Refugees Are Being Stopped And Detained At U.S. Airports Following Trump’s Immigration Ban

Hours after President Trump issued the executive order that effectively closed the U.S. borders to refugees, there are reports coming in of refugees being stopped and detained at airports across the country. According to the New York Times, many of the refugees were still in the air on their way to the U.S. when President Trump signed the executive order. Following their arrival at the designated airports, hours after the immigration ban was in place; they were denied entry into the United States. Most of the detained refugees are from war-torn countries in the Middle-East — including Iraq and Syria — both of which have vast swathes of land under the control of the Islamic State — or ISIS.

The executive order issued by President Trump has resulted in a complete ban on the admission of Muslim refugees from Syria for an indefinite period. Immigrants from seven other predominantly Muslim countries including Iraq, Iran, Sudan, Libya, Somalia, and Yemen also find themselves on the list of barred immigrants. President Trump was, however, careful to add that Christian refugees from these countries would still be allowed into the U.S.

At this point, there is no clarity on the number of refugees who find themselves stuck in airports across the country. Meanwhile, the detentions of these refugees are already fueling a legal challenge after a group of lawyers representing two Iraqi refugees currently held at New York’s John F. Kennedy International Airport filed a writ of habeas corpus seeking to have their clients released. Additionally, the lawyers also filed a motion for class certification, which would mean that the petition will represent all refugees and immigrants who find themselves stuck in several airports in the U.S. following Trump’s executive order. The writ claims that the immigrants were “unlawfully detained” at ports of entry. According to reports, the executive order has resulted in a legal limbo for people who were to arrive in the U.S. one day after the announcement of the executive order. Several families were in a state of panic for fear of not being able to meet their loved ones.

Following the news of these detentions, several groups have come forward to complain against the move. These include groups like the American Civil Liberties Union, the International Refugee Assistance Project at the Urban Justice Center, the National Immigration Law Center, Yale Law School’s Jerome N. Frank Legal Services Organization, and the firm Kilpatrick Townsend & Stockton.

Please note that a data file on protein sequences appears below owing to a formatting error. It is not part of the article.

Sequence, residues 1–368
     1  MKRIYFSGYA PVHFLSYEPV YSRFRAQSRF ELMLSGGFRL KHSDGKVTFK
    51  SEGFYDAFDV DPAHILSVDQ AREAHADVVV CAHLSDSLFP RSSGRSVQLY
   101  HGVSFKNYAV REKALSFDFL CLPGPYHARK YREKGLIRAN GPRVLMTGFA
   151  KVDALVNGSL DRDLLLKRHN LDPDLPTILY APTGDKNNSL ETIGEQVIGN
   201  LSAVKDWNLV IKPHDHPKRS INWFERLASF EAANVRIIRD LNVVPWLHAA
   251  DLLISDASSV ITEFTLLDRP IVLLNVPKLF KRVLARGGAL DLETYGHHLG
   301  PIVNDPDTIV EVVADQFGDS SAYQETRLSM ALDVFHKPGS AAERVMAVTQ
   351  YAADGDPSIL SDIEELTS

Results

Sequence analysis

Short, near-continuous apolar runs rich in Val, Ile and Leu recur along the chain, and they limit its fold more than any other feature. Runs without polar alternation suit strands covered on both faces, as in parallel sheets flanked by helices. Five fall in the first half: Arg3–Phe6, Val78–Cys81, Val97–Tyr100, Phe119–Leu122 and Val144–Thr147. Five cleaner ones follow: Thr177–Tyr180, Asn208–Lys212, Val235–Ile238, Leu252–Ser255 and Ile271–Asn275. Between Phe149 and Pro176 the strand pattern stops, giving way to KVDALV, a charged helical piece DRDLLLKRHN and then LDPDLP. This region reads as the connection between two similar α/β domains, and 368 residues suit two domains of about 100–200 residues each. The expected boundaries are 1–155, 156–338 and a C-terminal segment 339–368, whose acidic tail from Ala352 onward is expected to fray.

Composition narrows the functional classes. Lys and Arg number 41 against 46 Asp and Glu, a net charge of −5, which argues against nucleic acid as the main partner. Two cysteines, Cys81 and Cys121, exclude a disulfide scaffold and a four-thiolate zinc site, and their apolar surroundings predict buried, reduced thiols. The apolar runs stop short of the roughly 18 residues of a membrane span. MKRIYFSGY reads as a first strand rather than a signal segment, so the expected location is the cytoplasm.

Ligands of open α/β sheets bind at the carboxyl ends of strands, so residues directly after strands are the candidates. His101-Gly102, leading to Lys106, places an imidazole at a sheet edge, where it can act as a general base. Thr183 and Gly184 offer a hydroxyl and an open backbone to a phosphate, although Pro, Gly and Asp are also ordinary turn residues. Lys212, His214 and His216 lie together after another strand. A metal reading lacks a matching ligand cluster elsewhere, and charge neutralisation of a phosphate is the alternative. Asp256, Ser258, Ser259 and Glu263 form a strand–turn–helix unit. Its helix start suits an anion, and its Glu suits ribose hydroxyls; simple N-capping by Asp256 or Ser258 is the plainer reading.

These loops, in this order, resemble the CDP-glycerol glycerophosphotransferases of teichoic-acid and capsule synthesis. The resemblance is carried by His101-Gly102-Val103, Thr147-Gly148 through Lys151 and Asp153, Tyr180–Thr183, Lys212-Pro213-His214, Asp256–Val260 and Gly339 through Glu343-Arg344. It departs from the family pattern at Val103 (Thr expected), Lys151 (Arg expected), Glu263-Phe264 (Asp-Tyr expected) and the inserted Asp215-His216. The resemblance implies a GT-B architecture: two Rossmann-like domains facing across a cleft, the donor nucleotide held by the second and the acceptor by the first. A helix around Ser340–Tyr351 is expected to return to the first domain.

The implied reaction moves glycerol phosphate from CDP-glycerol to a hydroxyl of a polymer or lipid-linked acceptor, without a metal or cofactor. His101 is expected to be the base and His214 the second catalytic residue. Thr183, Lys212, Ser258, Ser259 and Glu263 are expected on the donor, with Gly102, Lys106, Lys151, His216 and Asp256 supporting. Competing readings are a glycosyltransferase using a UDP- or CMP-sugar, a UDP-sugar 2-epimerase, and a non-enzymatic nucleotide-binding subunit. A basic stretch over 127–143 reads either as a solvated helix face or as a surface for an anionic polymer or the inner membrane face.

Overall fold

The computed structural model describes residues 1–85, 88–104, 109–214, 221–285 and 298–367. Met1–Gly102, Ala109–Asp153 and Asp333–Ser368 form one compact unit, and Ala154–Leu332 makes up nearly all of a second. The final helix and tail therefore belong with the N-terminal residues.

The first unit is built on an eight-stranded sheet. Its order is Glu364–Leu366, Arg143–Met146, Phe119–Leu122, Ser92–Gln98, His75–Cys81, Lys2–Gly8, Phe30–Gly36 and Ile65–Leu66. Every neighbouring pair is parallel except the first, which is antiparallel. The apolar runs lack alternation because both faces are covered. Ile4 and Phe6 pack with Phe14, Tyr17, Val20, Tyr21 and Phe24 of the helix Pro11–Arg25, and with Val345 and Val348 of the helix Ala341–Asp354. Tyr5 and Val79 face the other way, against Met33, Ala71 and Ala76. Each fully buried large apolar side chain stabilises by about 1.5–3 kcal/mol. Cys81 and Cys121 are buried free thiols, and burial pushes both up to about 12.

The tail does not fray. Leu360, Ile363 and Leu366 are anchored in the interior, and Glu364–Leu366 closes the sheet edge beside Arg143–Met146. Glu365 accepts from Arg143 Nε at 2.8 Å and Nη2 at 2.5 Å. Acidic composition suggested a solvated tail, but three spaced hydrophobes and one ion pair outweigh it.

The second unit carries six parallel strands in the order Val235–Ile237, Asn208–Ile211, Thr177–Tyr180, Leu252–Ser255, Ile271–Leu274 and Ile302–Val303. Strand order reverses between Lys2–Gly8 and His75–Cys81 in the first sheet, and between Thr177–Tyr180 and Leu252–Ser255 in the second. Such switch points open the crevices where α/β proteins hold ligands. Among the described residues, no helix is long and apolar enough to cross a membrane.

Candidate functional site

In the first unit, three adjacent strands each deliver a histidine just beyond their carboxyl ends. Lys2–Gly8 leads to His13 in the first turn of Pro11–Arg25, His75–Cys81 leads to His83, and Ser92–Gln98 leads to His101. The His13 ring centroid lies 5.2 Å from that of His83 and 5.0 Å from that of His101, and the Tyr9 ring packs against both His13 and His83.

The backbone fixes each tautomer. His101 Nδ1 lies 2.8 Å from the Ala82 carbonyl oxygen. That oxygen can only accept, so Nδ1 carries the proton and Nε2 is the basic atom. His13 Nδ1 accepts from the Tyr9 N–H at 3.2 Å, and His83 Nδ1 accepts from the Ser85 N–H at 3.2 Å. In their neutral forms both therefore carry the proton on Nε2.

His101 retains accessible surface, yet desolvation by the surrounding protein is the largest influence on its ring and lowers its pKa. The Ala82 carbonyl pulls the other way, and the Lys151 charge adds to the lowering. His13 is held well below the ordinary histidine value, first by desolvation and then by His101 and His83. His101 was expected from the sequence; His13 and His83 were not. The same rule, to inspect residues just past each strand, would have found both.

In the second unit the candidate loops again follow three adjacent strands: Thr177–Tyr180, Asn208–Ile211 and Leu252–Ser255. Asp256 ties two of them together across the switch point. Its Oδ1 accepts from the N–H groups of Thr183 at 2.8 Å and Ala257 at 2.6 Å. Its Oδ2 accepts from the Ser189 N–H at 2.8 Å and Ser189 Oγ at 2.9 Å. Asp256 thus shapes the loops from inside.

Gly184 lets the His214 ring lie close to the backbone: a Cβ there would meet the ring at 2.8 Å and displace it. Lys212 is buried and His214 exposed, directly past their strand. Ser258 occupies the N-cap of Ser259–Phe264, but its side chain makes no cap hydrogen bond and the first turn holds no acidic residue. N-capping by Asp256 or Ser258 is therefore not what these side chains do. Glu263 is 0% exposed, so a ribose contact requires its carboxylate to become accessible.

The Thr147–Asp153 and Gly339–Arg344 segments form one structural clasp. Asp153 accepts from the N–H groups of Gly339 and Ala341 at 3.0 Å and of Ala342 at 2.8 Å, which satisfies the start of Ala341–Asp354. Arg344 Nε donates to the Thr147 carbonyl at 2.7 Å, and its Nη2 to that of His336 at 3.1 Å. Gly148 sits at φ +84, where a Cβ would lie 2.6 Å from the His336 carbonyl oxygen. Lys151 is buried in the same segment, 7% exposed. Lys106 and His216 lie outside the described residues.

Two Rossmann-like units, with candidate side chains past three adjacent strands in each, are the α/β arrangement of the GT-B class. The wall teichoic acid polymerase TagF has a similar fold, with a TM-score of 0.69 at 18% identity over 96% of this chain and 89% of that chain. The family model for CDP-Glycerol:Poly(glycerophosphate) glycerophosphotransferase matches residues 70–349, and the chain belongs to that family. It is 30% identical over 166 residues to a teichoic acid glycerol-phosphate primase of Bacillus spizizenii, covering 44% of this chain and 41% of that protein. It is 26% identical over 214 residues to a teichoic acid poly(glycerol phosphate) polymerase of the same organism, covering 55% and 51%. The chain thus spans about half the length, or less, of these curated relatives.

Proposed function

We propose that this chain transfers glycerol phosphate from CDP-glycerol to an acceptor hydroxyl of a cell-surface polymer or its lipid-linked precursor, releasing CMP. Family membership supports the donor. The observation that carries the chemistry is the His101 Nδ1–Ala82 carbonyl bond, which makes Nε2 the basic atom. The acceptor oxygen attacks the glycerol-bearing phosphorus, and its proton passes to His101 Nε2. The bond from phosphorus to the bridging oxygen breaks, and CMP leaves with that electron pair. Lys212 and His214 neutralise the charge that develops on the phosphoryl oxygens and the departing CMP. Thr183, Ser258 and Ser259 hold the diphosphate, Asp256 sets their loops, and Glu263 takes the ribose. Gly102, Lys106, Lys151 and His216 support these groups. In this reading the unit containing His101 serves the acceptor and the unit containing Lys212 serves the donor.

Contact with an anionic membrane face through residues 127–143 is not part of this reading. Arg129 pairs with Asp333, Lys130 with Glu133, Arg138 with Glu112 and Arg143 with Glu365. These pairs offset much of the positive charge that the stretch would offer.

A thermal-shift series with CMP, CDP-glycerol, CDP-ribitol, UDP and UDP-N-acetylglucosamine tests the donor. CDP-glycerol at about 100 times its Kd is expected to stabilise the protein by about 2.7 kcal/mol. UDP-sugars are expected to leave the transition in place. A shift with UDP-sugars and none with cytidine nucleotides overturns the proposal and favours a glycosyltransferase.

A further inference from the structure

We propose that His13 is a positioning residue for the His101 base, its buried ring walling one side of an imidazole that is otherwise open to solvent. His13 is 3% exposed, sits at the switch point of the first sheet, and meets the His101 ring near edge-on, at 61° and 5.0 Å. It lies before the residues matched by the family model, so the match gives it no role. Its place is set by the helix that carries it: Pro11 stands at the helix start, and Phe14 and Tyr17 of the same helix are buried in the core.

Meanwhile, some of the Iraqis who found themselves detained at JFK airport included people who had worked for the U.S. Government for over a decade. One of the detainees included a man identified as Haider Sameer Abdulkhaleq Alshawi, who was to meet his wife and son in the U.S. His family had already moved to the U.S. where she worked for a U.S. contractor. These two men were detained Friday night after arriving on two separate flights and were initially not allowed to meet their lawyers leading to some tense moments. According to Mark Doss, supervising attorney at the International Refugee Assistance Project, the attitude of the officers at the airport was outright rude.

“Who is the person we need to talk to?” asked one of the lawyers – to which a Customs and Border Protection agent replied, “Mr. President. Call Mr. Trump.”

Mark Doss further added that these are legitimate, vetted people that are being detained and denied entry.

“We’ve never had an issue once one of our clients was at a port of entry in the United States. To see people being detained indefinitely in the country that’s supposed to welcome them is a total shock. These are people with valid visas and legitimate refugee claims who have already been determined by the State Department and the Department of Homeland Security to be admissible and to be allowed to enter the U.S. and now are being unlawfully detained.”

It remains to be seen if government officials will officially grant some reprieve to those immigrants who were already on their way to the U.S. before the immigration ban was announced.

[Featured Image By Elaine Thompson/AP Images]